After Brown had exhausted two and a half years of her allowable three-year medical leave, Gorton again contacted Brown’s doctor, providing a list of essential functions of Brown’s position and asking for an update on Brown’s restrictions. Brown’s doctor replied that Brown could return to work, so long as she was “not put in a position where she is responsible for monitoring and controlling students that may become uncontrollable.” He also confirmed that those restrictions were permanent.

After receiving that letter, Gorton was able to find four vacant lateral positions, but all of which included being around potentially “unruly” students or potentially monitoring or controlling those students, meaning that Brown medically could not hold the positions. Brown’s employment then was terminated.

Brown ultimately filed a lawsuit in federal court, claiming that the Milwaukee schools violated the ADA by failing to accommodate her disability and then by terminating her. The lower court granted summary judgment for Milwaukee Schools, and the Seventh Circuit affirmed that decision.

The appellate court’s dismissal was based on the undisputed fact that Brown essentially could not work around students – any of whom had the potential to become unruly. (According to the court, “[e]ssentially all students are potentially unruly.”)

Brown repeatedly presented Gorton with broad work restrictions with no effort to redefine, further explain, or otherwise delineate the restrictions, other than to say she permanently could not be around or supervise “potentially” unruly students.

On multiple occasions, Gorton asked for additional explanation, but was met with the same description of Brown’s restrictions. In each instance in which Gorton asked for additional clarification, he was met with the same language regarding the requirement that Brown needed to avoid interactions with potentially unruly students.

Four days before Brown’s three-year medical leave expired, Gorton tried once again to obtain clarification that would help to reassign Brown. In response, Brown’s doctor sent a fitness-for-duty certificate that stated there was “no reason why [Brown] could not be around students; she just may not be responsible for controlling those students.” Gratuitously, the doctor also suggested that “security” should be available to control students so Brown wouldn’t have to.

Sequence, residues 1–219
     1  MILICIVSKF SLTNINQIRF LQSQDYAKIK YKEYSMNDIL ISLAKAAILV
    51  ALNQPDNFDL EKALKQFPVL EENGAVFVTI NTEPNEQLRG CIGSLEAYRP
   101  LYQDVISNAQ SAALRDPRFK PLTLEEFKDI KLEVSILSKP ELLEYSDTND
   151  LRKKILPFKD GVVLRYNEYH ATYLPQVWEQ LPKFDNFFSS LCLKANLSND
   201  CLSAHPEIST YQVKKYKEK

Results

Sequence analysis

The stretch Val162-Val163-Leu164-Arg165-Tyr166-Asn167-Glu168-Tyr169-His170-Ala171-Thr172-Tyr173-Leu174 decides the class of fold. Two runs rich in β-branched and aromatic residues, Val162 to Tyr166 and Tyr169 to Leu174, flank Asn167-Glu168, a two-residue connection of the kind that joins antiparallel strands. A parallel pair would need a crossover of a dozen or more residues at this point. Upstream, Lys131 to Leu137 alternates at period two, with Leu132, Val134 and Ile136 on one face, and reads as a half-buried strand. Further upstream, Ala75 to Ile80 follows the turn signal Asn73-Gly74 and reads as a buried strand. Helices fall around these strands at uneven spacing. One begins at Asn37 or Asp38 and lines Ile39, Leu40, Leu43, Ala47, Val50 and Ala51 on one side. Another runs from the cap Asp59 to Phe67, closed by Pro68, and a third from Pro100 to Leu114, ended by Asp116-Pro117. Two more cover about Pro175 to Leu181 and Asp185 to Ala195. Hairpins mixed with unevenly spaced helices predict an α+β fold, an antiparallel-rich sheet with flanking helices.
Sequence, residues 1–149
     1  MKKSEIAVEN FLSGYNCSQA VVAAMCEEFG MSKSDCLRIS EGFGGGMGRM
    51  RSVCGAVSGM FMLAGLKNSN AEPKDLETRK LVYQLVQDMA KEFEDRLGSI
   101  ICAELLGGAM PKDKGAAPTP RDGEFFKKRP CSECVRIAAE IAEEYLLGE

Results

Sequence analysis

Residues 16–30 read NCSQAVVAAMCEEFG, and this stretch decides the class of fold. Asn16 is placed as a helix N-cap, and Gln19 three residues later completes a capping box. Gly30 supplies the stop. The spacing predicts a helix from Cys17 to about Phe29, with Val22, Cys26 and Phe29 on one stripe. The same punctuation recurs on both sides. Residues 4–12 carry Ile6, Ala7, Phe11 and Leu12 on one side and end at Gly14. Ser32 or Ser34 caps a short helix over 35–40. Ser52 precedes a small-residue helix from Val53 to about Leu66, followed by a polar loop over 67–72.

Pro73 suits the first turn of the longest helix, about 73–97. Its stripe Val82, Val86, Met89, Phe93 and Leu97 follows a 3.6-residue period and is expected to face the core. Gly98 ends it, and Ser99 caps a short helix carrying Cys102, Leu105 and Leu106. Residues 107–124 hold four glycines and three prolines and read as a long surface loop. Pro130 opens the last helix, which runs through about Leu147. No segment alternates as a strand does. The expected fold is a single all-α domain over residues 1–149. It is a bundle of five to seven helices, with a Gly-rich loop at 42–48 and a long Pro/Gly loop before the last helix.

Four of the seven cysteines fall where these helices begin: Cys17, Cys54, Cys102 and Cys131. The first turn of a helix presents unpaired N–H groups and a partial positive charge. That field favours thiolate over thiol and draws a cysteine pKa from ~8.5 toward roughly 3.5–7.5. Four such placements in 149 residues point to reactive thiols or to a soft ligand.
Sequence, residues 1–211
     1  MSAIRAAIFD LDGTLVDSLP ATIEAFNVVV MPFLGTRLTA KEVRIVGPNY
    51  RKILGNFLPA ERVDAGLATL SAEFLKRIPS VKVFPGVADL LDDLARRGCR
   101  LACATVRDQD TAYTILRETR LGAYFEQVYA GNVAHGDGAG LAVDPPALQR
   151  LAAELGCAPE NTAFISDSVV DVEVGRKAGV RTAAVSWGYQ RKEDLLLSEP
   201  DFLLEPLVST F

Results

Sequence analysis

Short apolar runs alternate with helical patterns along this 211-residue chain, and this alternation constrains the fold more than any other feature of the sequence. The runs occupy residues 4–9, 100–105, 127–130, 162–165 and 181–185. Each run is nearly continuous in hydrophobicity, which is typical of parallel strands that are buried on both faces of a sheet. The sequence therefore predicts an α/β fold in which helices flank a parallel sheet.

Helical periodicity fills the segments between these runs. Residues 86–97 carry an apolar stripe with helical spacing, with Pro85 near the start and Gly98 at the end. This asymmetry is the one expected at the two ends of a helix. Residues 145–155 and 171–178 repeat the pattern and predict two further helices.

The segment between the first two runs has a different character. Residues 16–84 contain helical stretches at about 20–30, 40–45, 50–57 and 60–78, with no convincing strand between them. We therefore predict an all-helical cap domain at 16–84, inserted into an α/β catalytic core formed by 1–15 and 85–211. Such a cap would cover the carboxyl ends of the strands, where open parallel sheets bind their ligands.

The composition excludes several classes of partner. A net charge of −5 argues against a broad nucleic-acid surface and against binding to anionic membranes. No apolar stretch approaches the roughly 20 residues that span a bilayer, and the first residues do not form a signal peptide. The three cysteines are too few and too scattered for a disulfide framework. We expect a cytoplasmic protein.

The Seventh Circuit held that the facts in this case “show that Milwaukee Schools acted consistently with the restrictions imposed by Brown’s doctors.” It went on the say that “to the extent that Brown is arguing that her restrictions were less severe than Milwaukee Schools believed, the undisputed facts show that Brown failed to hold up her end of the interactive process by clarifying the extent of her medical restrictions.”

The instructive value of this opinion to employers is clear: the success of Milwaukee Schools in this case is based upon Gorton’s documentation, which relied on job descriptions, statements from the school district’s HR department, and Brown’s own unchanging statements regarding her concern over being around students. If Gorton had not documented his understanding of Brown’s restrictions and his attempts at obtaining clarification from her and her medical providers, the decision in this case may have been completely different.

FMLA is not a tool an employee can use to delay or avoid a termination.

The Family and Medical Leave Act (FMLA) makes it unlawful for an employer to “interfere with, restrain, or deny the exercise of or the attempt to exercise” an individual’s rights under the FMLA, or to retaliate against an employee for the exercise of rights under the FMLA. However, according to at least one federal appellate court, an employee’s use of FMLA to avoid an anticipated firing is not a valid exercise of those rights.

The 1st U.S. Circuit Court of Appeals recently held that a termination decision made after numerous attempts to accommodate an employee’s health issues, but prior to that employee’s formal request for FMLA leave was sufficient to support dismissal of the individual’s FMLA retaliation claim. Germinowski v. Patricia Harris, et al, 1st Circ., No. 16-1306 (April 12, 2017).

In that case, Heidi Germanowski – an employee of the Berkshire Middle District Registry of Deeds for over 10 years – claimed that her supervisor fired her because she requested leave protected by the FMLA. A federal district court dismissed Germanowski’s claims, and she appealed to the First Circuit, which upheld the dismissal. The facts are:

  • During the initial years of her employment, Germanowski initially worked with another employee, Patricia Harris;
  • In 2013, Harris became Germanowski’s supervisor;
  • The relationship between the two began to deteriorate, with Germanowski claiming to experience “stress and anxiety accompanied by fatigue, hair loss, aches, and gastrointestinal pain” that left her unable to work at times;